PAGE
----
The FDA is attempting to overcome this deadlock. It published and requested comments on a proposed rule for approving new drug and biological products developed to prevent serious or life-threatening conditions based only on evidence of effectiveness derived from appropriate studies in animals, without adequate and well-controlled efficacy studies in humans. In other words, in a state of emergency, human beings will have to be guinea-pigs. Large pharmaceutical companies are being asked to manufacture some 300 million doses of smallpox vaccine within a few months as an unlicensed "investigational new drug".
There is no effective cure or treatment for smallpox. Antiviral drug cidofovir proved effective against 31 strains of variola, the smallpox virus, but only in the test tube. It also protected monkeys exposed to monkeypox. But will it protect human beings against smallpox?
Anthrax vaccine already exists, but the company, p.8 were used by the Clinton Administration for mass vaccination of troops, the remaining 24 000 doses are dedicated to the military. Bioport's vaccine is a complex broth of proteins filtered from a non-threatening strain of anthrax. Six shots are required for full protection, plus an annual booster. But this vaccine is at the centre of a new controversy .
Amid pressure to vaccinate civilians at risk for anthrax, evidence has emerged that unauthorized changes in the vaccine manufacturing process were made before the Gulf War that may have boosted the potency of the vaccine to dangerous levels.
The CDC has recently recommended that 800 lab technicians who are processing suspected anthrax samples receive the vaccine. It is also considering a recommendation that postal employees who work near high-speed sorting machines receive the vaccine.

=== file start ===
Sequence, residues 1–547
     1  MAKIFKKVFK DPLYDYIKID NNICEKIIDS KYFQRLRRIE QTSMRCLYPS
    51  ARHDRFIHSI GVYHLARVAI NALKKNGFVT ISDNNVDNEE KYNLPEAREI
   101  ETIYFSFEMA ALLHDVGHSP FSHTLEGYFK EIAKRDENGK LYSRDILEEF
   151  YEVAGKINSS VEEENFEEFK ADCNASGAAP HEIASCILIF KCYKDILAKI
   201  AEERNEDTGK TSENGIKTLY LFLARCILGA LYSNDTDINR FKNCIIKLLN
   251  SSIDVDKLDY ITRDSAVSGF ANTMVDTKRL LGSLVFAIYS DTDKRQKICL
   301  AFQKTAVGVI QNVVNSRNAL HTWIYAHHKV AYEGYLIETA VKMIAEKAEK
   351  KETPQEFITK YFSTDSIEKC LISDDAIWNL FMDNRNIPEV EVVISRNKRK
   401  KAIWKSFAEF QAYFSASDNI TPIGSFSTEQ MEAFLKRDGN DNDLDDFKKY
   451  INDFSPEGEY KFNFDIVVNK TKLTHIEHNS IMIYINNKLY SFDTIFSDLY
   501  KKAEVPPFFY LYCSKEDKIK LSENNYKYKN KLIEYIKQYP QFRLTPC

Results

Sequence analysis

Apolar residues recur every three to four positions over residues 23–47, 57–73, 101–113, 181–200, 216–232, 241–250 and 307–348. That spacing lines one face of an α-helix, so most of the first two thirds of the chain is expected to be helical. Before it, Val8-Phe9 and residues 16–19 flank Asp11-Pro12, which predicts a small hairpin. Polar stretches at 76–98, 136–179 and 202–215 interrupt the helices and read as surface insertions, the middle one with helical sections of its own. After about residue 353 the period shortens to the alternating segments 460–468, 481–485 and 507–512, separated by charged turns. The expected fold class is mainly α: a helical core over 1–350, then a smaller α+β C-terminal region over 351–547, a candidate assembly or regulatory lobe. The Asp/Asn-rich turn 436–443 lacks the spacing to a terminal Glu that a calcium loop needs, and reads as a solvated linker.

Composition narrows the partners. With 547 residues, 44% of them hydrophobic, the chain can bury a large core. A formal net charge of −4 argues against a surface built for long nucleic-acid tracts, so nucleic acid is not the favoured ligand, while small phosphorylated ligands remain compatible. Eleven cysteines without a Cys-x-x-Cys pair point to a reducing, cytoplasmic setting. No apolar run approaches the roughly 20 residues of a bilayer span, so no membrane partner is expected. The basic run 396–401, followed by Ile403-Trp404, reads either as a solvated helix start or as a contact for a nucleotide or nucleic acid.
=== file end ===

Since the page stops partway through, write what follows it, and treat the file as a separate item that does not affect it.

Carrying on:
But veteran groups and armed services personnel have complained that the anthrax vaccine is unsafe. Researchers at the Army's biological warfare defence lab found as much as a 100-fold increase in the concentration of the anthrax vaccine's active ingredient in batches produced after a switch to new filters in 1990.
The previously unpublished report was uncovered by investigators of the General Accounting Office, which has been studying the complaints from veterans and military personnel, and released its findings towards the end of October.
The risks are not understood. 'Protective antigen' from dead anthrax bacteria, is one of the key proteins involved in the toxicity of anthrax, and is used to stimulate the immune system to produce antibodies. But there can be too much of it.
"Overstimulation of the immune system in certain respects can lead to immunological disorders," said Dr. Jack Melling, formerly head of Britain's anthrax vaccine program and a consultant to the GAO.